Last 24 hours: The liquid is then rested in open tanks for the last 24 hours of fermentation. Once fermentation has finished the now middle alcoholic wash (about 7%) is ready for distillation. The wash enters tanks from the starter tanks and circulated through a heat exchanger to maintain a temperature of 32ªC.
(MAKING THE ALCOHOL)
Distillation is the alcohol extraction and can be done through a Column still (also known as a Continuous or Coffey still) and a single distillation takes the strength to over 90%. The Two - Column Continuous still also known as the Coffey Still, so called after Aeneas Coffey who perfected it in 1832. It was initially invented by Robert Stein in 1826 and can be found operating today in several distilleries, including St. Lucia Distillers. Three spirits are produced in the Coffey Still as Saint Lucia Distillers, all over 93% Alc/v. From 40 plates; distillate taken off at plates 40, 35 and 30. The Coffey Still in use was commissioned in 1985. The three spirit types produced are: Roseau Spirit 201 (cleanest spirit), Roseau Spirit 203 (increased congeners) and Roseau Spirit 205 (most congeners). Spirits RS 203 and 205 are used for ageing but RS 201 will not.
The second method for distillation is done using a Pot still, the first distillation takes the alcohol to around 70% and the second distillation taking it to around 80%. Saint Lucia Distillers use three Pot stills: The John Dore 1500L (Molasses + Cane Juice), The Vendome 2000L (Molasses + Cane Juice) and The John Dore 2 6000L (Molasses). Traditional small batch distillations differentiate Saint Lucia Distillers from larger distilleries and allow them to produce rums with different and distinctive characteristics. They also have a development project: a sugar cane plantation which hosts a varieties of cane across 5 acres.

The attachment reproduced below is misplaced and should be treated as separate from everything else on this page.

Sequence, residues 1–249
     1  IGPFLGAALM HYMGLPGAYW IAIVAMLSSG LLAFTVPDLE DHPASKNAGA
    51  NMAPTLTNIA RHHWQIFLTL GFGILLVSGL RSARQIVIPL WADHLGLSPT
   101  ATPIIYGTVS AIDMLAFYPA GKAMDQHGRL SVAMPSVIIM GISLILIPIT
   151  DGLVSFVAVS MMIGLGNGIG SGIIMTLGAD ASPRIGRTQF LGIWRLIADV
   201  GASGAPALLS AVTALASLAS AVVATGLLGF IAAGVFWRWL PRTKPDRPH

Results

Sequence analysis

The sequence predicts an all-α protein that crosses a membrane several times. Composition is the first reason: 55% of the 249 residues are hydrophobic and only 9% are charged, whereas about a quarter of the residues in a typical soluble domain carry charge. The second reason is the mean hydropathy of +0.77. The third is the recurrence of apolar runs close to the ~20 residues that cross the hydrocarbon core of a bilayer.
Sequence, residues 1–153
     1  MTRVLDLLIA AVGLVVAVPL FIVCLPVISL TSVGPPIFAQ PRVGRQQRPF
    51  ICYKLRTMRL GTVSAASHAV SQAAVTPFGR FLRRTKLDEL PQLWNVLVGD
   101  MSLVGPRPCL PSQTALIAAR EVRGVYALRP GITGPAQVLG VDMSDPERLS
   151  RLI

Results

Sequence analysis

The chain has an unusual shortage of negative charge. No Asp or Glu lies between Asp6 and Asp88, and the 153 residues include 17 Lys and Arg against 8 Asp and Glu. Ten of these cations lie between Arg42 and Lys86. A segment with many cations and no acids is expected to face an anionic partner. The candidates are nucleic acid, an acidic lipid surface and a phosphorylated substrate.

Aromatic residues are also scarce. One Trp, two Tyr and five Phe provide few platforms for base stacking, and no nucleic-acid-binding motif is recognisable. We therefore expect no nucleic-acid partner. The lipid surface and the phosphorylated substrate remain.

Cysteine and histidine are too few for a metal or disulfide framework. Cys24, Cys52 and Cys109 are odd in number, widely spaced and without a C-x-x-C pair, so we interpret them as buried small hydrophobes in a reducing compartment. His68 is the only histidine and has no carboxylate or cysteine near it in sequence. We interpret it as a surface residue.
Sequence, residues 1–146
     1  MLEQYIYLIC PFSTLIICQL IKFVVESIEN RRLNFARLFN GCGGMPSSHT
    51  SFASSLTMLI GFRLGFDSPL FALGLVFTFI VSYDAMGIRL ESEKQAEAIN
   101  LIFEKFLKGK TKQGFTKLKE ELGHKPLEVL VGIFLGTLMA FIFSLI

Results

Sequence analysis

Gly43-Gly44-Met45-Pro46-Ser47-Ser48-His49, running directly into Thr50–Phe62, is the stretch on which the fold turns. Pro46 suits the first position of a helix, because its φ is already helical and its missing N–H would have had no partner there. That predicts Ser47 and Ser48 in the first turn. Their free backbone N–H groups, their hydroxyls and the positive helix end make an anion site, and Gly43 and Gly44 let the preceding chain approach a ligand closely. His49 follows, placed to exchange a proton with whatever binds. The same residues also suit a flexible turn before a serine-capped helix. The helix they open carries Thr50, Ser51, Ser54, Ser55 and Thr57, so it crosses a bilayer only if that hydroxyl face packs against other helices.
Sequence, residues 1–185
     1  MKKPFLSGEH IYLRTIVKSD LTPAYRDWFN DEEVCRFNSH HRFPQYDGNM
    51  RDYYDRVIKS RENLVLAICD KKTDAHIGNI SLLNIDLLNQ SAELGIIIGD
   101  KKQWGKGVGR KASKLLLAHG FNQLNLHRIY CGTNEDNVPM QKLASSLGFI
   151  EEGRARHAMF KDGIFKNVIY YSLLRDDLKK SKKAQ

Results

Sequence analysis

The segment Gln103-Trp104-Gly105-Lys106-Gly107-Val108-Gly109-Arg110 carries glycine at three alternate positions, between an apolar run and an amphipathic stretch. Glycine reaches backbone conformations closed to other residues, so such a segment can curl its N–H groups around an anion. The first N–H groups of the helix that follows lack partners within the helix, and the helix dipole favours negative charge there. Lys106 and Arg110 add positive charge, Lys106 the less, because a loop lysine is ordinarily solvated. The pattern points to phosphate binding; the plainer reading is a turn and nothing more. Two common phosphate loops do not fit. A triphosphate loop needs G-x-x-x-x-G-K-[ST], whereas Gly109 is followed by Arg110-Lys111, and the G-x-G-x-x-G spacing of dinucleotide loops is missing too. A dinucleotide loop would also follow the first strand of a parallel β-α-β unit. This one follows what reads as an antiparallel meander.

From the four stills described (1 main Coffey Still and 3 Pot Stills), Saint Lucia Distillers produce 6 spirit types. From the Coffey Still (3 spirit types produced, all over 93% Alc/v:
- - RS 201: Spirit Not Aged
- - RS 203: Spirit For Ageing
- - RS 204: Spirit For Ageing
From the Pot still (3 Pot stills produce spirit types at 80%):
- JOHN DORE 1: Two Spirits For Ageing
- JOHN DORE 2: One Spirit For Ageing
- VENDOME: Two Spirits For Ageing
Rum...ageing matters! Compounds within the wood mix with the rum, contributing further to aromas and flavours and gradually turning the rum from clear to golden and eventually dark brown. Saint Lucia Distillers normally use first fill Bourbon barrels, their policy is that perfect rum is dependent on the skill of the master blender: a marriage of age and choice of distillate. Age statements are meaningless and misleading. The master blender at Saint Lucia Distillers believes there is no improvement beyond 10 years - in face generally the reverse. They also often use Port barrels, Hermitage and Chilean wine barrels, Sherry and other barrel types in a number of their other products such as the 1931 range.
Finally different rums are blended to improve quality and flavour...
Having disclosed every step of the process, the final blend remain Saint Lucia Distillers closely guarded secret. Every product is the work of their distillery, under the control of their master blender, supported by high tech analysis of every blend including gas chromatography.
AVAILABLE IN THE UK:
- Chairman's Reserve Finest Rum
- Chairman's Reserve Spiced Rum
- Chairman's Reserve White Rum
- Chairman's Reserve 'The Forgotten Casks'
- Admiral Rodney
- 1931 Edition